12. Single retailer, single manufacturer. Retailer observes customer demand, Dt. Retailer orders qt from manufacturer. Lead time + 1 = L.

    13. The Bullwhip Effect

    14. Var(q)/Var(D): For Various Lead Times

    15. Consequences. Increased safety stock Reduced service level Inefficient allocation of resources Increased transportation costs

    16. Multi-Stage Supply Chains Consider a multi-stage supply chain: Stage i places order qi to stage i+1. Li is lead time between stage i and i+1.

    17. Formula (to memorize)

    18. Multi-Stage Systems: Var(qk)/Var(D)

    19. The Bullwhip Effect: Managerial Insights Exists, in part, due to the retailers need to estimate the mean and variance of customer demand. The increase in variability is an increasing function of the lead time. The more complicated the demand models and the forecasting techniques, the greater the increase. Centralized demand information can reduce the bullwhip effect, but will not eliminate it.

    20. Coping with the Bullwhip Effect Reduce Variability and Uncertainty POS Sharing Information Year-round low pricing Reduce Lead Times EDI Cross Docking Alliance Arrangements Vendor managed inventory (VMI) On-site vendor representatives Continuous Replenishment Programs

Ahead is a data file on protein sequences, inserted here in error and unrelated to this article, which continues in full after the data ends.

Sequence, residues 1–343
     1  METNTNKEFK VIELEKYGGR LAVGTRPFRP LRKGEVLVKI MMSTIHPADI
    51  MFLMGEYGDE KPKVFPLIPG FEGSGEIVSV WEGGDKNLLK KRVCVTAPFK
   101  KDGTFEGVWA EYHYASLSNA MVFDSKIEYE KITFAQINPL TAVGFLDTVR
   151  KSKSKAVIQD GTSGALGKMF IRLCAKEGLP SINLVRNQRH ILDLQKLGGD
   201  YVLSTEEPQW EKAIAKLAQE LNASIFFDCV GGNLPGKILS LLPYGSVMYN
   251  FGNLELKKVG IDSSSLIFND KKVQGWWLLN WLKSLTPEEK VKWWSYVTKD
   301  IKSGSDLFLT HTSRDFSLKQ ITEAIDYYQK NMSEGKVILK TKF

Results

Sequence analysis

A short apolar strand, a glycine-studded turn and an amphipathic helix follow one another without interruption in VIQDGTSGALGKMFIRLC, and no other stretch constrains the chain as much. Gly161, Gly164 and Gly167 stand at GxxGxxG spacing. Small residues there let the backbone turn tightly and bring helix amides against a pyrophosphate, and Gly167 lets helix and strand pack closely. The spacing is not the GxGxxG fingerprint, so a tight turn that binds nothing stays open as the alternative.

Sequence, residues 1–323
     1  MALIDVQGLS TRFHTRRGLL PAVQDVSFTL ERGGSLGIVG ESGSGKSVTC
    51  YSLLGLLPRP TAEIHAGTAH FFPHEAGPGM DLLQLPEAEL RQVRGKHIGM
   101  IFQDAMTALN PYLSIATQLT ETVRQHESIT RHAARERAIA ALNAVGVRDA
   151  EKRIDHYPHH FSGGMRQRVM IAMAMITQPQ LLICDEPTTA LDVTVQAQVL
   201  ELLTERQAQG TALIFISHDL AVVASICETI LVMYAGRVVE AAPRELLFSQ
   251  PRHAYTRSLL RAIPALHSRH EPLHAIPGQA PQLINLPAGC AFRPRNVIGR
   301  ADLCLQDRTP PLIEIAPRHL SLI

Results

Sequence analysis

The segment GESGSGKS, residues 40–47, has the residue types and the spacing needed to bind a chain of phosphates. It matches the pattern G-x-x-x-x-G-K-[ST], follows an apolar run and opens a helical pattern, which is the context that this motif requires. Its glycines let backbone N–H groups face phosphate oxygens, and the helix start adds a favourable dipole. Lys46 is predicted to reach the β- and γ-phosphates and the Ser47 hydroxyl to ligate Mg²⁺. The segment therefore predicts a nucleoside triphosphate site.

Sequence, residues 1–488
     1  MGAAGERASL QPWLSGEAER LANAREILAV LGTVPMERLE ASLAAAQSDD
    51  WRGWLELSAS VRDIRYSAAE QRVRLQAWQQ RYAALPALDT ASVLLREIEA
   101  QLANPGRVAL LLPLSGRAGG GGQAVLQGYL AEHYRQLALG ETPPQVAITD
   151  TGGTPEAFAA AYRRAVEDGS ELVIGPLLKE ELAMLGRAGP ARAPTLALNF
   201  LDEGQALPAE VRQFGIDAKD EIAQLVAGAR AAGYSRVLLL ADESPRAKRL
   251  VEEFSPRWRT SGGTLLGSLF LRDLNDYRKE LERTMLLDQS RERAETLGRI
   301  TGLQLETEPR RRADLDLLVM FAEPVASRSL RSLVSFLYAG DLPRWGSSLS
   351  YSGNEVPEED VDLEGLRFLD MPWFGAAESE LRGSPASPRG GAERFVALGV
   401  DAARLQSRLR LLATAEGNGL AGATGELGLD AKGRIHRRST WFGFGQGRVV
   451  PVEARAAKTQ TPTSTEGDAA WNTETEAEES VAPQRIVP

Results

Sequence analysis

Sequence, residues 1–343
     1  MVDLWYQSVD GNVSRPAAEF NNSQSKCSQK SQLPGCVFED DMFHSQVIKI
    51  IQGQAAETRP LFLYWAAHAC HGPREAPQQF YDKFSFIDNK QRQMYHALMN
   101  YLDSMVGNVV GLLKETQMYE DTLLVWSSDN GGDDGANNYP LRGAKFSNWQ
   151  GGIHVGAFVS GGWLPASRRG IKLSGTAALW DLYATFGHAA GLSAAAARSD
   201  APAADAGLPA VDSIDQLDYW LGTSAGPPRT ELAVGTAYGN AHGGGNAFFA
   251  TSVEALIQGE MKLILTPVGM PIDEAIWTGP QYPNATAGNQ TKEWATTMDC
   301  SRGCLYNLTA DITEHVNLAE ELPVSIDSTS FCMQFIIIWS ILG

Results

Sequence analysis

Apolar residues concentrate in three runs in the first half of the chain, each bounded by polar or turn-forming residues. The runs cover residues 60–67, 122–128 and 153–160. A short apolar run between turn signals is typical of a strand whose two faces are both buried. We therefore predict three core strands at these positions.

21. Coping with the Bullwhip Effect Use of 3PL/4PL Customer management Activity Based Costing Strategy: Everyday low cost Everyday low price Order return and cancellation policy (reduce gaming) Placing orders before peak periods

    22. In summary Avoid multiple demand forecast updates Stabilize prices Eliminate gaming

    23. Example: Quick Response at Benetton Benetton, the Italian sportswear manufacturer, was founded in 1964. In 1975 Benetton had 200 stores across Italy. Ten years later, the company expanded to the U.S., Japan and Eastern Europe. Sales in 1991 reached 2 trillion. Many attribute Benettons success to successful use of communication and information technologies.